The Ottumwa Courier

AP National

July 15, 2014

Bill would speed removals of Central American kids

WASHINGTON (AP) — Two Texas lawmakers announced legislation Monday to speed removals of tens of thousands of Central American kids from the U.S.-Mexico border, as Washington searched for a solution to the growing crisis.

The bill by Sen. John Cornyn, a Republican, and Rep. Henry Cuellar, a Democrat, would allow U.S. Border Patrol agents to turn many of the kids around quickly at the border. Under current law, the youths stay here while awaiting an eventual hearing in the backlogged immigration court system, something that can keep them in this country for years.

Of more than 57,000 unaccompanied minors who've arrived at the border since October, only 1,254 had been returned home as of the end of June, according to a law enforcement official who spoke anonymously to discuss confidential data.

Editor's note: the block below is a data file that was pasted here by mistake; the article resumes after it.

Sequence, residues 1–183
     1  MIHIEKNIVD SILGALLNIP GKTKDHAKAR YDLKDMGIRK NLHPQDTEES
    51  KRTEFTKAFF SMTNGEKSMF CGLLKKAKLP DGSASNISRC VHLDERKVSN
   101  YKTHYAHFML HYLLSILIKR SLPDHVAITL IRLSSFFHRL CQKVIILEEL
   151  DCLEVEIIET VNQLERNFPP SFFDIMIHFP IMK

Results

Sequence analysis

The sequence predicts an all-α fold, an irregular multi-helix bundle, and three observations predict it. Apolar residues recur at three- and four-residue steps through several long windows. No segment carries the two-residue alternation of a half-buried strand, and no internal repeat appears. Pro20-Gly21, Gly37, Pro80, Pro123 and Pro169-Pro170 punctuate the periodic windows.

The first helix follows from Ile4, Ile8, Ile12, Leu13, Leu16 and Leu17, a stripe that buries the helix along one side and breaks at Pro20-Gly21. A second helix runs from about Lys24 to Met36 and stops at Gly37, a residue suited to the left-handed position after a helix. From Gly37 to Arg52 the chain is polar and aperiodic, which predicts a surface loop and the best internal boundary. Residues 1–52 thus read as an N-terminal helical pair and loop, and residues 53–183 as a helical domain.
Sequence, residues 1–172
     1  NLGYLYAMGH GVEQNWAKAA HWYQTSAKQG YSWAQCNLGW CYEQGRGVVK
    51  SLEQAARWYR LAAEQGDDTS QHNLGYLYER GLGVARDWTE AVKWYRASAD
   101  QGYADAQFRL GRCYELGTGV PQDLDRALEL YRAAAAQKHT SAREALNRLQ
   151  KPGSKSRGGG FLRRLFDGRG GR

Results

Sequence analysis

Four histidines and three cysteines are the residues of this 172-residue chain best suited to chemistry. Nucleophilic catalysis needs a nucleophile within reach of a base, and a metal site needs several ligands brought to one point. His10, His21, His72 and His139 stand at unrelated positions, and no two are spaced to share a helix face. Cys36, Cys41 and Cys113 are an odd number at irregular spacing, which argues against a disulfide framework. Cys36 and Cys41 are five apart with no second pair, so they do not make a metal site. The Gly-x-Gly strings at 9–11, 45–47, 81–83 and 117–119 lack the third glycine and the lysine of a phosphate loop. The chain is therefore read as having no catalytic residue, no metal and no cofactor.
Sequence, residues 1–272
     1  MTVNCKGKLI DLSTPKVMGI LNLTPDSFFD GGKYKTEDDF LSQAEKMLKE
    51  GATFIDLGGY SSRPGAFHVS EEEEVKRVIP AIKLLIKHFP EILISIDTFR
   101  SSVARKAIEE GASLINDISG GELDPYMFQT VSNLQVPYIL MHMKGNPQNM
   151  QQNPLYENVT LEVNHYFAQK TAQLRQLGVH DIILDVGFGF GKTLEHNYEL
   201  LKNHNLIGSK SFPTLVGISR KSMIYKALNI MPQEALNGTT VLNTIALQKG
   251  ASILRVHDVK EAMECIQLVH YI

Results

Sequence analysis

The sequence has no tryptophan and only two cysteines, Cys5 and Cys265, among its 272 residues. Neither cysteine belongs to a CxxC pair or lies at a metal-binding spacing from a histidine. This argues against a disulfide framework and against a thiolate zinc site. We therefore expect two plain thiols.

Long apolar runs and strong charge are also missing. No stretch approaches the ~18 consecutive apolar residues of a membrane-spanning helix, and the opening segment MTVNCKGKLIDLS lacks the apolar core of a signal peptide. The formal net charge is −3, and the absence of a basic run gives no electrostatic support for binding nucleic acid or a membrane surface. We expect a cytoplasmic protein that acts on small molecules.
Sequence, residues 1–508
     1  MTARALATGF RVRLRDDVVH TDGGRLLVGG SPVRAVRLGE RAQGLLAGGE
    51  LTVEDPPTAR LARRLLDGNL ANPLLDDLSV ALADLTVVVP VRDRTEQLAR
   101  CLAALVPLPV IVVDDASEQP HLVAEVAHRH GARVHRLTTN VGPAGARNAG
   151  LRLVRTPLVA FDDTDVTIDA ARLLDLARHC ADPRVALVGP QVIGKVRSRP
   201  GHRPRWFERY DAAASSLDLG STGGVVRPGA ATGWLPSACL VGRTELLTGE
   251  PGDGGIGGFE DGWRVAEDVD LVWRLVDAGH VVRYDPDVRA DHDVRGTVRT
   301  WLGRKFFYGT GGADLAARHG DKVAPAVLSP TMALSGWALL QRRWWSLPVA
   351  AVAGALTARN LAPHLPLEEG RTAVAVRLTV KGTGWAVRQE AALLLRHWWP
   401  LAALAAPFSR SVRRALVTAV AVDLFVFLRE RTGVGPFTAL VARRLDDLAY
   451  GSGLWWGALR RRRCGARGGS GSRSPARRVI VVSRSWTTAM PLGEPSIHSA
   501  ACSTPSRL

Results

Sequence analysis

"The border region in Texas has been overwhelmed over the past few months by a deluge of undocumented immigrants from Central America," Cuellar said in a statement. "Today's legislation strengthens current law protecting unaccompanied children and responds to the crisis."

The bill comes as the White House is trying to get Congress to sign off on a $3.7 billion emergency spending request to deal with the situation at the border by adding more immigration judges and detention facilities, among other steps.

Republicans have made clear they won't agree to such spending without policy changes along the lines of what Cornyn and Cuellar are seeking, and the White House has indicated support for some such changes. But immigrant advocacy groups and key Senate Democrats are opposed, making it unclear if a deal can be struck in the three weeks that remain before Congress leaves Washington for its annual August recess.

Administration officials were to travel to Capitol Hill on Wednesday to brief senators on the situation, and House members were to hear from lawmakers who traveled to Central America over the weekend as part of a working group convened by Speaker John Boehner, R-Ohio. The Congressional Hispanic Caucus, which strongly opposes legal changes to return kids more quickly to dangerous and unstable situations, announced a meeting with President Barack Obama over the crisis.

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